It’s difficult to pursue your passions and manage your various commitments given the time that they require, especially if they are not directly linked to your job. In an ideal world, though, you earn enough to sock away sufficient savings to enjoy your leisure activities without logging excessive hours at the office or on a punishing commute. Not all cities allow professionals to strike a happy medium, so SmartAsset decided to take a look at the cities with the best work-life balance.
To find the cities with the best work-life balance, we compared data for the 100 largest cities across the following 10 metrics: entertainment establishment density, dining establishment density, bar density, housing costs as a percentage of income, average number of weeks worked per year, average number of hours worked per week, average commute time, percentage of workers with commutes over an hour, unemployment rate and labor force participation rate. For details on our data sources and how we put all the information together to create our final rankings, check out the Data and Methodology section below.
This is SmartAsset’s third study on the cities with the best work-life balance. Read the 2019 version here.Key Findings
1. Madison, WI
Madison, Wisconsin takes the top spot in our study on the best cities for work-life balance. It ranks in the top 10% of the study for six out of the 10 metrics we considered. It does the best across all 100 cities overall for both its low unemployment rate, at 1.9%, and its low percentage of workers with a commute longer than 60 minutes, at 2.3%. Workers there have an average commute time of less than 20 minutes and work less than 37 hours per week on average. With all the time they’re saving, they’ll be able to enjoy other meaningful activities such as checking out art galleries or spending time with friends. Arts, entertainment and recreation establishments in Madison comprise about 2.2% of all establishments and bars comprise more than 1% of all establishments, both top-10 rates.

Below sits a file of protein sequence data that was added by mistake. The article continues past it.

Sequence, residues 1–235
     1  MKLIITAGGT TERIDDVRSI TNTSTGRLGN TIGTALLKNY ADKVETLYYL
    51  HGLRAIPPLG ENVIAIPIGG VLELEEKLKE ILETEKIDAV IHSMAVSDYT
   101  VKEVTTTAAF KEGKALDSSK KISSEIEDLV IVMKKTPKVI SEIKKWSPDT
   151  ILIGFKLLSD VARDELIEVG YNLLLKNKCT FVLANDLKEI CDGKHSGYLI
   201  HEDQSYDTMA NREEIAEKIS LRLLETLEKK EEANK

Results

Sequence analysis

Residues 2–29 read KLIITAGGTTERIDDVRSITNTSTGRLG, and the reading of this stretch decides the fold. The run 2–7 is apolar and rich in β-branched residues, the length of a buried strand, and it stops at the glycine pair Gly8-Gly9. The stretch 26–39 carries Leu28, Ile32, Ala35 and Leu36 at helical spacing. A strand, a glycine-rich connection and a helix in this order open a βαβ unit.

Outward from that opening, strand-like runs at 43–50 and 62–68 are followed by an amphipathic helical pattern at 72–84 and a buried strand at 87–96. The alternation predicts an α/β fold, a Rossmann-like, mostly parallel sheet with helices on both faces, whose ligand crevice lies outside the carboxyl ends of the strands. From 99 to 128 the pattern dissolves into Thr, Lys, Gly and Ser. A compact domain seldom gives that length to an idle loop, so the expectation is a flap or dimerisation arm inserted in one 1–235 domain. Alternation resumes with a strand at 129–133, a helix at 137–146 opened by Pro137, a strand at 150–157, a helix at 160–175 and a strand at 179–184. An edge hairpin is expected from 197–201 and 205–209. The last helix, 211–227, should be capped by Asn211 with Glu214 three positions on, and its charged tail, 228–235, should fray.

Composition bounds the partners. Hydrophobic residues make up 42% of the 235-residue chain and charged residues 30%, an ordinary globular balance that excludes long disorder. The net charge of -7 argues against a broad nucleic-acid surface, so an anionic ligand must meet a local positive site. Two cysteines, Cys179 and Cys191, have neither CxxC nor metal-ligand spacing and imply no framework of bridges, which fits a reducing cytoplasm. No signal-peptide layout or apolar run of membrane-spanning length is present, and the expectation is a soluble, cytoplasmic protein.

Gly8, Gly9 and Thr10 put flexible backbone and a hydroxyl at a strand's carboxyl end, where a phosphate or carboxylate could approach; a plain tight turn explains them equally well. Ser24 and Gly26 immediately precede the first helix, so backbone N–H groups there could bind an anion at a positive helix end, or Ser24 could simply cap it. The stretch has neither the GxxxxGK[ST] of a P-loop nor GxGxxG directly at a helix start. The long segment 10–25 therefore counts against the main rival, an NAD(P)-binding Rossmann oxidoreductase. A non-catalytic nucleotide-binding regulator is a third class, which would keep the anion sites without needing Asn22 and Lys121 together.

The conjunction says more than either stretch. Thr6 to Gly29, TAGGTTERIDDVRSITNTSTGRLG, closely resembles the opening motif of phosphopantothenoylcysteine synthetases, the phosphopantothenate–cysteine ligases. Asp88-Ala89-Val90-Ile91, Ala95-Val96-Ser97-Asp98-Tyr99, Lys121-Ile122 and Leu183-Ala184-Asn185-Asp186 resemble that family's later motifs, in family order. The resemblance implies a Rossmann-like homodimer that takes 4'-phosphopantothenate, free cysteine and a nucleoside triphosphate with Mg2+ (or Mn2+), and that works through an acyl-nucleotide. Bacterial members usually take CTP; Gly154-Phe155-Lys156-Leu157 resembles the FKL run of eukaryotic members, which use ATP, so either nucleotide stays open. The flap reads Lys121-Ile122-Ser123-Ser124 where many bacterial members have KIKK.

2. Lincoln, NE
Lincoln, Nebraska is the second-best city for work-life balance in our study of the largest 100 cities. It has top-10 rates for three of the 10 metrics we considered and top-15 rates for two additional metrics. Lincoln does particularly well for its low average commute time, at 18.8 minutes, which is the lowest average commute time in the top 10 and ranks third in the study overall. Its relatively low unemployment rate of 3.3% ranks fourth-lowest overall, and its labor force participation rate is 72.3%, ranking seventh-highest overall.
3. Lexington, KY
Lexington, Kentucky ranks in the top 15% of the study for three of the 10 metrics we considered: arts, entertainment and recreation establishments as a percentage of all establishments, at 2%; average hours worked per week at 37.7 and average commute time at less than 21 minutes.
4. Nashville, TN
Nashville, Tennessee performs particularly well for its relatively high percentage of arts, entertainment and recreation establishments as a percentage of all establishments, at 4.5%, the highest rate for this metric in the top 10 and the fourth-highest rate for this metric across all 100 cities in the study. Nashville also ranks best in the top 10 for its relatively low rate of housing costs as a percentage of income, at 28.1%, which is the sixth-lowest rate for this metric overall.
5. Columbus, OH
Columbus, Ohio ranks in the top 25% of all 100 cities for five out of the 10 metrics we considered. Housing costs as a percentage of income in Columbus are about 29%, the ninth-lowest in the study overall, and the percentage of workers with a commute longer than one hour is 3.1%, the 14th-lowest in the study overall. With the extra time and money that they save, Columbus residents might choose to eat out at one of the city’s restaurants, which comprise more than 8% of its total establishments.